Tingey House (Quarters A, Ca.1804)
Related Resource: Tingey House (Quarters A): Architecture and History
The Commandant's House (now known as the Tingey House, or Quarters A) was the second set of quarters to be built and was "on the highest point of the Yard to be able to view all," according to Benjamin Latrobe's plan for the Yard. The brick, Georgian-style house was probably built by Lovering and Dyer of Washington in 1804.
Over the ensuing years numerous renovations were made to this building and site.
The 1814 plan of the Yard indicated that the northeast section between the house and the boundary walls was a garden. An ice house was added in the northeast corner of the garden against the wall in 1837. The 1858 plan of the Navy Yard showed a formal garden in the same location. There were six rectangles of equal size with a gazebo at the intersection closest to the residence. There were also three small rectangles to the south side of the larger ones which may have constituted a flower border. The 1858 plan also showed stables belonging to the Commandant's Quarters along the east wall between the northeast corner and the Commander's Quarters.
In 1869, the Commandant's quarters were "extensively redone," although specifics were not mentioned. A description of the renovations done in 1881 mentions an office room added to the east porch and a projection of the front porch built to extend over the main steps. A new water closet was installed in the principal bathroom.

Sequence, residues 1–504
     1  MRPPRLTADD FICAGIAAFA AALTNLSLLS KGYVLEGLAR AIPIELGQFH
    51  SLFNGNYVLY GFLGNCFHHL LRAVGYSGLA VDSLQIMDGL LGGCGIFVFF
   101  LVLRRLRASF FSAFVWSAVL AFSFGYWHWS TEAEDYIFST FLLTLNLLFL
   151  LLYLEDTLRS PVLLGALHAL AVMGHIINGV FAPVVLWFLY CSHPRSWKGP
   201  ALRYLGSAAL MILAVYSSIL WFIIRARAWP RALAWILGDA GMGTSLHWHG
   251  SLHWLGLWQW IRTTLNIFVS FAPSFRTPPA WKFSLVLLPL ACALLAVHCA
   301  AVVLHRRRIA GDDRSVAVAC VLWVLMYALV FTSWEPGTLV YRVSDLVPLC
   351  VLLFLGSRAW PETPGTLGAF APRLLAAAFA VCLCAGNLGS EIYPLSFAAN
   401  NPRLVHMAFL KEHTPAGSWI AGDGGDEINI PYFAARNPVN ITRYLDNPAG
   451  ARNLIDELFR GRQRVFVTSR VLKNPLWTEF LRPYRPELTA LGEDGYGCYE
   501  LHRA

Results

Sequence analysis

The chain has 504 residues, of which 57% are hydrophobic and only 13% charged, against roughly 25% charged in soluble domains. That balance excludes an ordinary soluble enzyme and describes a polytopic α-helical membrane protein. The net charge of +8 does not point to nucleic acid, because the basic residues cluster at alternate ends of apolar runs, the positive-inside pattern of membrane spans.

Quarters B (Ca. 1801)
Related Resource: Quarters B: Architecture and history
The oldest of the officer's quarters at the Washington Navy Yard was originally known as the Commander's Quarters and was the residence of the second officer of the Yard. Today it is referred to as Quarters B. It has the distinction of being the first permanent building on the Washington Navy Yard, although the precise date of its construction has long been in question. Some accounts say the building was on the site of the Navy Yard when the property was originally purchased; other sources suggest it was built by Lovering and Dyer of Washington between 1801 and 1802. Lieutenant John Cassin was one of the first residents of those quarters when he was appointed to superintend the Navy Yard in 1803. Along with Quarters A and the Latrobe Gate, it escaped destruction in the burning of the Navy Yard in August 1814.
Quarters B was substantially enlarged and altered over the years. The 1836 report of the Bureau of Yards and Docks states that piazzas were added to this quarters. The first of numerous requests for money to be appropriated for the building of a new set of Commander's Quarters was also made that year. The justification was detailed. Quarters B was described as being infested with insects, and its location, up against the east wall of the Yard, made for poor air circulation which was exacerbated by a slaughter house and pig pen located in close proximity to the Navy Yard. This made living conditions there intolerable, particularly in the summer months when the smell and noise from the slaughter house meant closing the windows. The theory that disease was caused by vapors led to a belief that the site was unhealthy. A letter from the Surgeon of the Yard to the Commandant attested to the "stench" and unhealthy atmosphere brought on by the slaughter house; the annual reports of the Bureau of Yards and Docks mentioned futile efforts by both the local and federal government to close the facility. When requests were made for additional land to be purchased for expansion of the Yard, the property on the eastern side included the site of the objectionable slaughter house.